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Caring for Your Plant

C. amboinicus is a great beginner plant for children or grandchildren who wish to get into indoor gardening because it is so easy to maintain.

Furthermore, its powerful oils help protect it from numerous pests and illnesses, whether it is cultivated indoors or outdoors.

Keeping in mind that C. amboinicus prefers temperatures between 65 to 95 degrees Fahrenheit during the day and 65 to 95 degrees at night, locate a place for your plants that receives four to six hours of indirect sunlight, like a countertop.

To keep your plant healthy, you’ll need to give it a gentle soak once a week. The secret to a happy plant is drying the top inch of soil between waterings.

Apply a 5-5-5 NPK slow-release fertilizer every three to four weeks during the spring and summer, which is the active growing season for Cuban oregano when grown outdoors, according to package recommendations.

If you want to use this aromatic herb in your cooking, simply cut sprigs from the main stem.

A good general rule of thumb is to chop approximately half of the main stem off and use the leaves in your cooking. Rather than tall, lanky, and potentially unstable development, bushy growth will be promoted in this way.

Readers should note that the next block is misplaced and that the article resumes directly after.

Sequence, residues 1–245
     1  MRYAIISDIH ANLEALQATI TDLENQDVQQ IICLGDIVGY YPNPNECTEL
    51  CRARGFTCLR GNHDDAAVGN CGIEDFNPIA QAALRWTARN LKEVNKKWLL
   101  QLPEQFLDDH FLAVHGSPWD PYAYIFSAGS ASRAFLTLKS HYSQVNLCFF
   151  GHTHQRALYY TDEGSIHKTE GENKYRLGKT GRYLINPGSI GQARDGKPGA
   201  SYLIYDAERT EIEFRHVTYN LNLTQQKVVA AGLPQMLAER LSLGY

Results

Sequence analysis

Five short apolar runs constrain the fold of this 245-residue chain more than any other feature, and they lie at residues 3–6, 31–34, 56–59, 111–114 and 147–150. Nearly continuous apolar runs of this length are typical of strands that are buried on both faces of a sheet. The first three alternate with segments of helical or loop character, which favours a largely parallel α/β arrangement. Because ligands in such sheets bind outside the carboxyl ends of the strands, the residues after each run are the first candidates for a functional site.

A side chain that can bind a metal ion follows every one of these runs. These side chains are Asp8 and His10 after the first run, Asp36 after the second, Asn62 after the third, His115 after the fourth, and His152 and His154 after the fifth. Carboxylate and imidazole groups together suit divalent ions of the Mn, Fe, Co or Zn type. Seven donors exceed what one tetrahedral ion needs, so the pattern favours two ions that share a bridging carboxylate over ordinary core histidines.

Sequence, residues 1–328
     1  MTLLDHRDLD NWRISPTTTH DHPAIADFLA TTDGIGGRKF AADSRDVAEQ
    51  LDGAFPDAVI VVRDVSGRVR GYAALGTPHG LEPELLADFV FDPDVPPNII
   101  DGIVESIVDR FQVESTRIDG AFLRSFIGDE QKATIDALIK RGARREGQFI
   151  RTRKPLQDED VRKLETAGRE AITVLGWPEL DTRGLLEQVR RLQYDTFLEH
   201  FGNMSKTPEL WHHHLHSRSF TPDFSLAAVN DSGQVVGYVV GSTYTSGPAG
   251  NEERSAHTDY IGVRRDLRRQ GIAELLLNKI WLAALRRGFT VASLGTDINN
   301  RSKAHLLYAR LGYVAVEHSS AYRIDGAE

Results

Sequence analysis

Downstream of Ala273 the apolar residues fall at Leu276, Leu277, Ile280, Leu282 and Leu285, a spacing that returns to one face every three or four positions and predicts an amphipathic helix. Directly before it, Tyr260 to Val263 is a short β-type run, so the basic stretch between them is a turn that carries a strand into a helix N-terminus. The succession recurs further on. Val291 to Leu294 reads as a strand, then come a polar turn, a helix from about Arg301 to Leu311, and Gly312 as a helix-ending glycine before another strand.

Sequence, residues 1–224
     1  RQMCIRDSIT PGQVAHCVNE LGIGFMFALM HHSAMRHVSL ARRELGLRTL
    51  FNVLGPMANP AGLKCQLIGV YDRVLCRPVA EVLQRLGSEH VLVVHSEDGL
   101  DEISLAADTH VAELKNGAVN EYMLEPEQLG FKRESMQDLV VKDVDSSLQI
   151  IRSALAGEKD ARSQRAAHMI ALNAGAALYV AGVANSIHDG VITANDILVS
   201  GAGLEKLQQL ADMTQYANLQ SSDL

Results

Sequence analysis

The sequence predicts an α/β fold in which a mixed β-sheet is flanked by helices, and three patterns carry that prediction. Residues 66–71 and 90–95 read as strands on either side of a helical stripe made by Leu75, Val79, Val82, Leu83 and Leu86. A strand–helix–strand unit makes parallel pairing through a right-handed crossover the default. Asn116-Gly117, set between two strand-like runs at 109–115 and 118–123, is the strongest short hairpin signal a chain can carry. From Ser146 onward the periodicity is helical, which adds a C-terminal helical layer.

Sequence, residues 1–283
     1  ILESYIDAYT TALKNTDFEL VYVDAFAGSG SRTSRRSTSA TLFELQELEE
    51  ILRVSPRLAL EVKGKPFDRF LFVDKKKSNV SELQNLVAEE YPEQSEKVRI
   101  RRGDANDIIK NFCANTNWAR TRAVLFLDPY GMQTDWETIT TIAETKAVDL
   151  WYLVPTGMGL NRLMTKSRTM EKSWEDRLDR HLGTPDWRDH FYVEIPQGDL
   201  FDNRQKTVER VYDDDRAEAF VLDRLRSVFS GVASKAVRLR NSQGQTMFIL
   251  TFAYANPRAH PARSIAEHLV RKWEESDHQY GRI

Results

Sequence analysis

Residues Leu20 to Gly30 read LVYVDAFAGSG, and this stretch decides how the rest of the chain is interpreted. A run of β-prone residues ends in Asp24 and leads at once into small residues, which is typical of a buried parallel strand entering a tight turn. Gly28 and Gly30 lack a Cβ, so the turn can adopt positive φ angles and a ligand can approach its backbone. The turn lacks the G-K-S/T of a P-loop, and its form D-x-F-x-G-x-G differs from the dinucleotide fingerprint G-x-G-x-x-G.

To avoid overcrowding the plant, you can take off one-third to one-half of each lateral stem as it grows. In between major cuttings, always leave at least two-thirds of the plant uncut and let it grow naturally for two weeks.

It’s time for a new container if you find that the roots are protruding from the bottom of your container after a year or more.

It’s best to get one that’s at least two sizes larger than the one you’re currently using. Trim the herb’s roots and replant them in the same container if necessary.

If space is at a premium, the kitchen garden can be a better solution. All but those who are gifted with plenty of counter space, that is.

What’s the point of repotting it? There may be an imbalance in the plant’s ability to utilize water and nutrients because of its root-bound nature.

Make sure that you remove the herb from its pot before snipping the roots. Removing as much of the potting soil as possible, and exposing the root ball, is the first step. Remove the bottom third of the root system with a pair of pruning shears.